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Colorectal Tumors May Differ By Age: Study

Understanding the role age may play in colorectal tumor development was the aim of a recent study conducted at memorial Sloan Kettering Cancer Center and Well Cornell Medical College in New York. Researchers at those two institutions believe they have found evidence that suggests tumor formation and biology may differ depending on the age of the patient in question.

To arrive at those findings, researchers looked at the genomes of CRC tumors from 126 patients roughly age 50 and younger. These tumors were compared to those belonging to those of 368 patients who were old than age 50. The researchers looked at genomic sequences and other factors and came to the conclusion that tumors in younger people are different than those that present in older patients.

While more research is planned to further explore the tumor differences, the implications could be far reaching for colorectal tumor treatment. The potential for a differing tumor biology may give rise to the need for more individualized patient treatment based on age and tumor type.

In explaining the reasons for the tumor composition differences, researchers noted that younger patients tend to be diagnosed with CRC at much later stages of the disease. This is because younger patients may present with symptoms at first that are attributed to other causes. This, in turn, delays diagnosis and effective treatment.

Colorectal cancers are among the most commonly diagnosed in the United States. This form of cancer can strike men and women both and may technically present at any age. While most commonly associated with later life with most people diagnosed at the age of 50 or older, anyone can contract this disease regardless of age.

People who are at risk for this disease are urged to discuss it with their healthcare providers. Risk factors include obesity, age, smoking, heavy alcohol use, lack of physical activity, family history and more. Colorectal cancer, when detected early, can often be treated very effectively.

Understanding the role age may play in colorectal tumor development was the aim of a recent study conducted at memorial Sloan Kettering Cancer Center and Well Cornell Medical College in New York. Researchers at those two institutions believe they have found evidence that suggests tumor formation and biology may differ depending on the age of the patient in question.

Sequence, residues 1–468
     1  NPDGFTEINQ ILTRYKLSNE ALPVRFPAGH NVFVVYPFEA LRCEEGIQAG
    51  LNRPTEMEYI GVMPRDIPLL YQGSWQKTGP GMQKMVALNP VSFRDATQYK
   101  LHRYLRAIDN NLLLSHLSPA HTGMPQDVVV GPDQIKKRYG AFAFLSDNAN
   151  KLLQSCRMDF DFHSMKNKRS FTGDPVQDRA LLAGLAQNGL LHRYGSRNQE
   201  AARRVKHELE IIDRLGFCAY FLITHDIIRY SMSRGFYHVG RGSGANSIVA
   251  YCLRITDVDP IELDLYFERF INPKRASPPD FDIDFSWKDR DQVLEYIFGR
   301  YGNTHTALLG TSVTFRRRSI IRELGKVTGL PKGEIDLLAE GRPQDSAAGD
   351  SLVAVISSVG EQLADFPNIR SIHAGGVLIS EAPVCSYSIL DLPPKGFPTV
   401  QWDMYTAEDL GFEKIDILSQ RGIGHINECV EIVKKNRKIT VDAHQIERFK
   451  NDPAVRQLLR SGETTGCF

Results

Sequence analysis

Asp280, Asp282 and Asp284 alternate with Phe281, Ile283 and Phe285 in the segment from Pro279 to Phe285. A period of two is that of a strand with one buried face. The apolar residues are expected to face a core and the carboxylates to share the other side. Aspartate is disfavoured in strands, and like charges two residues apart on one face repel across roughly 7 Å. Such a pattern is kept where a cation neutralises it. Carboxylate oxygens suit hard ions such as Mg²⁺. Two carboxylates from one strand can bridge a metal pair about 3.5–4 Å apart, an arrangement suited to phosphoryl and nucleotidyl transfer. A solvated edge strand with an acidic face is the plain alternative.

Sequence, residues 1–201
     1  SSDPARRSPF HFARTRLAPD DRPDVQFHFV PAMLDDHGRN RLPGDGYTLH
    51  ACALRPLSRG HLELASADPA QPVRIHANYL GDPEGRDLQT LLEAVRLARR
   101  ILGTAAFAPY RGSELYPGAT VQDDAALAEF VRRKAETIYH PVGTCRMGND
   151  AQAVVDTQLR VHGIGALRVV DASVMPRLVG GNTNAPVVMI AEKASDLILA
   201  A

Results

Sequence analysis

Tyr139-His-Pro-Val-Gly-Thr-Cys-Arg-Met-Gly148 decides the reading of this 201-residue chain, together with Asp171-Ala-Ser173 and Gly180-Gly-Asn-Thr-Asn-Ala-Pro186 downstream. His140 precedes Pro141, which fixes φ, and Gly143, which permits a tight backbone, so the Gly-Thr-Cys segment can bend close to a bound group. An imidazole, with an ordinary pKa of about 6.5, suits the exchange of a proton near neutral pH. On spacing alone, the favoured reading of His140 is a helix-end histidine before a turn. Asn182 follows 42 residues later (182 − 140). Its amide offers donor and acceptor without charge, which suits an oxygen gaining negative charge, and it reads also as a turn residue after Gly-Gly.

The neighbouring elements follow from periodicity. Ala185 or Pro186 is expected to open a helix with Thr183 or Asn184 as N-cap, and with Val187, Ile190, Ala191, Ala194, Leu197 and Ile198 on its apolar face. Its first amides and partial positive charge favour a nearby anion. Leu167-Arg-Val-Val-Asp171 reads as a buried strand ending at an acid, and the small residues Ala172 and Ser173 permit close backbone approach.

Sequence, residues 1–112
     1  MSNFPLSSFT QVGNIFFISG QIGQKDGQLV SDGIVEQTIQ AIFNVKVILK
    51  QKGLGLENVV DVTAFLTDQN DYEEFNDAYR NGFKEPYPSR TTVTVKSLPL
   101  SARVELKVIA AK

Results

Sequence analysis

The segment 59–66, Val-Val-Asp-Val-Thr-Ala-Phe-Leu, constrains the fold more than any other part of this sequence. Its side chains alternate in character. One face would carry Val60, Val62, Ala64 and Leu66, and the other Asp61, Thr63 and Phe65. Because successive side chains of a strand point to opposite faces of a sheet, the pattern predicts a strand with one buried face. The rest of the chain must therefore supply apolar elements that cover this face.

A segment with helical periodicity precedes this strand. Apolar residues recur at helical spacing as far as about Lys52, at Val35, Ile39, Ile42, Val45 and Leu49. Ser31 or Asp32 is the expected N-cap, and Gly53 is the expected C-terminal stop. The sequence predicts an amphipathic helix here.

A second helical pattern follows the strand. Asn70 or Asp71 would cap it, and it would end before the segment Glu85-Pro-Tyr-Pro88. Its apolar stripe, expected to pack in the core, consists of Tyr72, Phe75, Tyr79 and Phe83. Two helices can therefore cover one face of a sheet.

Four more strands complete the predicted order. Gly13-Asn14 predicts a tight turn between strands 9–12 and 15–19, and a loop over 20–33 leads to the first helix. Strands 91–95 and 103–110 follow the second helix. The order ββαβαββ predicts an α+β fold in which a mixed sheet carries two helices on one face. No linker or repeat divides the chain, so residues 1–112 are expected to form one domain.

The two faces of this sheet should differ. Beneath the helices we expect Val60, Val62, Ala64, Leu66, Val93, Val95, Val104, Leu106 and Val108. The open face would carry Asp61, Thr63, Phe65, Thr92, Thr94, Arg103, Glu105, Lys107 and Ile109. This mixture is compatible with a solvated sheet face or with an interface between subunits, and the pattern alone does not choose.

To arrive at those findings, researchers looked at the genomes of CRC tumors from 126 patients roughly age 50 and younger. These tumors were compared to those belonging to those of 368 patients who were old than age 50. The researchers looked at genomic sequences and other factors and came to the conclusion that tumors in younger people are different than those that present in older patients.

While more research is planned to further explore the tumor differences, the implications could be far reaching for colorectal tumor treatment. The potential for a differing tumor biology may give rise to the need for more individualized patient treatment based on age and tumor type.

In explaining the reasons for the tumor composition differences, researchers noted that younger patients tend to be diagnosed with CRC at much later stages of the disease. This is because younger patients may present with symptoms at first that are attributed to other causes. This, in turn, delays diagnosis and effective treatment.

Colorectal cancers are among the most commonly diagnosed in the United States. This form of cancer can strike men and women both and may technically present at any age. While most commonly associated with later life with most people diagnosed at the age of 50 or older, anyone can contract this disease regardless of age.

People who are at risk for this disease are urged to discuss it with their healthcare providers. Risk factors include obesity, age, smoking, heavy alcohol use, lack of physical activity, family history and more. Colorectal cancer, when detected early, can often be treated very effectively.

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